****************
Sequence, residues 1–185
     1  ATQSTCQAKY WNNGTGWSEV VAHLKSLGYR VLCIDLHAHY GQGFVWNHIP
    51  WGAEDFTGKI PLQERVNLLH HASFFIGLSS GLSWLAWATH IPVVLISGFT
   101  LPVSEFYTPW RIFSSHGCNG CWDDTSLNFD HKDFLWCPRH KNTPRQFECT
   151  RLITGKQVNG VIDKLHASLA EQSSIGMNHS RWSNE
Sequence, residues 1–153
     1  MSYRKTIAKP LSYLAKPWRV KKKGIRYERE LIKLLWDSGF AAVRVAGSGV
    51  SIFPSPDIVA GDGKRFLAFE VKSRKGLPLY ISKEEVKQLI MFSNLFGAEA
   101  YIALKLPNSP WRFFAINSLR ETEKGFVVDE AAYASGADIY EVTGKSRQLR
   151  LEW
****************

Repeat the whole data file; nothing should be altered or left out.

Sequence, residues 1–185
     1  ATQSTCQAKY WNNGTGWSEV VAHLKSLGYR VLCIDLHAHY GQGFVWNHIP
    51  WGAEDFTGKI PLQERVNLLH HASFFIGLSS GLSWLAWATH IPVVLISGFT
   101  LPVSEFYTPW RIFSSHGCNG CWDDTSLNFD HKDFLWCPRH KNTPRQFECT
   151  RLITGKQVNG VIDKLHASLA EQSSIGMNHS RWSNE
Sequence, residues 1–153
     1  MSYRKTIAKP LSYLAKPWRV KKKGIRYERE LIKLLWDSGF AAVRVAGSGV
    51  SIFPSPDIVA GDGKRFLAFE VKSRKGLPLY ISKEEVKQLI MFSNLFGAEA
   101  YIALKLPNSP WRFFAINSLR ETEKGFVVDE AAYASGADIY EVTGKSRQLR
   151  LEW